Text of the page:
Horsefly hosts country Christmas dinner

The community of Horsefly gathered for its annual old-fashioned Christmas dinner on Saturday, Dec. 12.

The community of Horsefly gathered for its annual old-fashioned Christmas dinner on Saturday, Dec. 12.

This time around the community broke from its usual potluck format and enjoyed a traditional dinner prepared by a dedicated group of volunteers.

“I’ve been here since June 2012,” said Kathy Kleine who helped co-ordinate the event. “I was hearing complaints from people about having to cook for the dinner and after the fall fair I decided I’d see if we could do it a little differently.”

Abby Wilson, who is the hot lunch co-ordinator at the school, was the dinner’s head chef with help from Nadine Duitschaever and Wilma Kowalski.

Wilson and crew cooked eight turkeys, seven hams, 100 pounds of potatoes and carrots and made enough stuffing to feed 200 people.

“They started cooking turkeys early Saturday, just after midnight, and had the rest cooking by 9 a.m.,” Kleine said, noting a crew of carvers arrived at 2 p.m. to carve the turkeys.

In addition to the kitchen crew, seven students arrived to do the dishes.

Children from the community performed with song, piano and violin offerings.

A choir consisting of four women from the community and members of the Horsefly Cariboo Christian Church sang carols.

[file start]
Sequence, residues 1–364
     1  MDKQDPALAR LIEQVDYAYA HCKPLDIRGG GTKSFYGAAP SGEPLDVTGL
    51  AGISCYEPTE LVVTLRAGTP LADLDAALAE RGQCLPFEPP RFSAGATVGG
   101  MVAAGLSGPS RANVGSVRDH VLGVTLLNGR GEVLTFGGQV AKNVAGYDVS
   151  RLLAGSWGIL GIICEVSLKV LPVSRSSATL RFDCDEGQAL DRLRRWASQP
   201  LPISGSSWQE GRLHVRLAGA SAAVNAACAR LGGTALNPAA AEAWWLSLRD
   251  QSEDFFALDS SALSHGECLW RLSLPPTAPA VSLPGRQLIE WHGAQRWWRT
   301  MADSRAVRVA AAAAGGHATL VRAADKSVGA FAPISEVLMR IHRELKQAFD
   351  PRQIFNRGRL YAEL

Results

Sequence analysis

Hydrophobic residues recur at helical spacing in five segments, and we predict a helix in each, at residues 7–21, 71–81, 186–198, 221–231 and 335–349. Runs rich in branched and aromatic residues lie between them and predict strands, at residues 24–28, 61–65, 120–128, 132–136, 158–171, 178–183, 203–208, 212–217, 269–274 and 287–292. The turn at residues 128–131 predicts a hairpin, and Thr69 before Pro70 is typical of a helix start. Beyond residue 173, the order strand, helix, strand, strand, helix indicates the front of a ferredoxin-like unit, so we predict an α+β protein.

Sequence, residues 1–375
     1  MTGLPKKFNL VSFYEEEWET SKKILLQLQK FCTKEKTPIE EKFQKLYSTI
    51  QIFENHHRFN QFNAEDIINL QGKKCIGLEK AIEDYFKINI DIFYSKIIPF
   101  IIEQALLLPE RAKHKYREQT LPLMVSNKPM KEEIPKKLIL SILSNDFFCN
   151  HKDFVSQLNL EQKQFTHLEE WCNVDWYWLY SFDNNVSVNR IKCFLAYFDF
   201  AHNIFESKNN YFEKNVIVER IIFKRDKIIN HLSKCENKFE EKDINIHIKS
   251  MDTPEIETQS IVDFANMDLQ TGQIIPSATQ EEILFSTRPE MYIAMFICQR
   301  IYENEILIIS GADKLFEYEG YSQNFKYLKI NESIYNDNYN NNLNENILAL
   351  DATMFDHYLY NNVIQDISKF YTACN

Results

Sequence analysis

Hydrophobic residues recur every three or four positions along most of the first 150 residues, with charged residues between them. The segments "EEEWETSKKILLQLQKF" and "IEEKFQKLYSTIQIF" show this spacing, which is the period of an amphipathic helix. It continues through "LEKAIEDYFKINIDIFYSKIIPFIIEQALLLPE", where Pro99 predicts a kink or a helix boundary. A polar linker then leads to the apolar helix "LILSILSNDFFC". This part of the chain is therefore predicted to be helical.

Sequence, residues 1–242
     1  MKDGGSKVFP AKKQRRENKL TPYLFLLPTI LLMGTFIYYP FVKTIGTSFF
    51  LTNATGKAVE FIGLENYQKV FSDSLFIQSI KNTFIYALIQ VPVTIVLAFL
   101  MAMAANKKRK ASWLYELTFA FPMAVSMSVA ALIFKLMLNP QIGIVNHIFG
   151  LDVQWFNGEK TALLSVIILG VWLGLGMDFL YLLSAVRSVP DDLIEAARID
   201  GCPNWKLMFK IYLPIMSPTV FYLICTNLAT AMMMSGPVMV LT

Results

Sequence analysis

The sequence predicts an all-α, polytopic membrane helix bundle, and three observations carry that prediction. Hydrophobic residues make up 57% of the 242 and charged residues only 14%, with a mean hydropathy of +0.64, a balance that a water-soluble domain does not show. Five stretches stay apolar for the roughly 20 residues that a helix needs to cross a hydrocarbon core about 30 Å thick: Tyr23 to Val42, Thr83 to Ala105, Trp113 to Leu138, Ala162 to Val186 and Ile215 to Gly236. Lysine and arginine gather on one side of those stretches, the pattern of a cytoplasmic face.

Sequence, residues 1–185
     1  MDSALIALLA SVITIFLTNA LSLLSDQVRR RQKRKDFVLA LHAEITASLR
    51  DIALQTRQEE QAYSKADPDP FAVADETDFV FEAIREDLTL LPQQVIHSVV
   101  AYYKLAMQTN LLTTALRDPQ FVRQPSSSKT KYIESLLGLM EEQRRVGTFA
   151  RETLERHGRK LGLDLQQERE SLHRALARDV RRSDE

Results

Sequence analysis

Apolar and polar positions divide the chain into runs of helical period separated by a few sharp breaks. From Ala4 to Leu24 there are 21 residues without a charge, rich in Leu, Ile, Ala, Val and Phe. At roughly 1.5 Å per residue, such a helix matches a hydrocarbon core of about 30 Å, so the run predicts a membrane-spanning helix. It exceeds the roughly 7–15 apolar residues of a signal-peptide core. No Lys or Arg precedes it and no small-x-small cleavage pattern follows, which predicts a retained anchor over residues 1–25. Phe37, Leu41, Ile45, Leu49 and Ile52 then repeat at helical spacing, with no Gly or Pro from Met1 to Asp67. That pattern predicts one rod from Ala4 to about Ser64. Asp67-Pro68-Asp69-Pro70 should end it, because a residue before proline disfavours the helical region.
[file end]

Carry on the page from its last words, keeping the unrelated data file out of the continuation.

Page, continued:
When it was time for Santa and Mrs. Claus to arrive the women’s choir inspired everyone to join in singing Jingle Bells and the Clauses proceeded to hand out candy bags to 73 children, Kleine said.

From there everyone went out into the night and walked across the road to the school grounds where members of the Horsefly Volunteer Fire Department had lit a bonfire and were serving hot chocolate, coffee and cookies.

There were horse and hay wagon rides taking eight to 10 people at a time and they took anyone who wanted to go on a nice ride.

It was a fantastic night and made possible by the generosity of businesses and people in the community, Kleine said.

In the end the leftover food, enough to feed about 60 people,  went home with some of the guests and over to the community church to share with the needy.

Kleine said she retired with her husband to Horsefly from the Lower Mainland.

She’d had a major vehicle accident in 2008 that left her in a coma for a period of time.

“I told my husband to get me somewhere I could live a normal life,” she recalled.

“We were staying in a motel in Williams Lake and someone asked us if we had ever heard of Horsefly.”


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